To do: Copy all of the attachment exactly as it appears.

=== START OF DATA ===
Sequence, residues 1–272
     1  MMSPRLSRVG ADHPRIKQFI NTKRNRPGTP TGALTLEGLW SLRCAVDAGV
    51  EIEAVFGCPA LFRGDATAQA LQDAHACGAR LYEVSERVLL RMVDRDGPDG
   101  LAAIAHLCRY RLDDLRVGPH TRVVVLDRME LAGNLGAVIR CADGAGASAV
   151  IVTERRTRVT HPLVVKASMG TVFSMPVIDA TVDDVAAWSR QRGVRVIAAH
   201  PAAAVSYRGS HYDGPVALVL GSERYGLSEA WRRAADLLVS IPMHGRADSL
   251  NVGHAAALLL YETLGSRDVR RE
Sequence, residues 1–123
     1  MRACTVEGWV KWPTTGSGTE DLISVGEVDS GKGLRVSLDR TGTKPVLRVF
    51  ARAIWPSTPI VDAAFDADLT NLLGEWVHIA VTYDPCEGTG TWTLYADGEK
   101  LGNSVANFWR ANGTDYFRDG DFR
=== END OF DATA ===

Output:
Sequence, residues 1–272
     1  MMSPRLSRVG ADHPRIKQFI NTKRNRPGTP TGALTLEGLW SLRCAVDAGV
    51  EIEAVFGCPA LFRGDATAQA LQDAHACGAR LYEVSERVLL RMVDRDGPDG
   101  LAAIAHLCRY RLDDLRVGPH TRVVVLDRME LAGNLGAVIR CADGAGASAV
   151  IVTERRTRVT HPLVVKASMG TVFSMPVIDA TVDDVAAWSR QRGVRVIAAH
   201  PAAAVSYRGS HYDGPVALVL GSERYGLSEA WRRAADLLVS IPMHGRADSL
   251  NVGHAAALLL YETLGSRDVR RE
Sequence, residues 1–123
     1  MRACTVEGWV KWPTTGSGTE DLISVGEVDS GKGLRVSLDR TGTKPVLRVF
    51  ARAIWPSTPI VDAAFDADLT NLLGEWVHIA VTYDPCEGTG TWTLYADGEK
   101  LGNSVANFWR ANGTDYFRDG DFR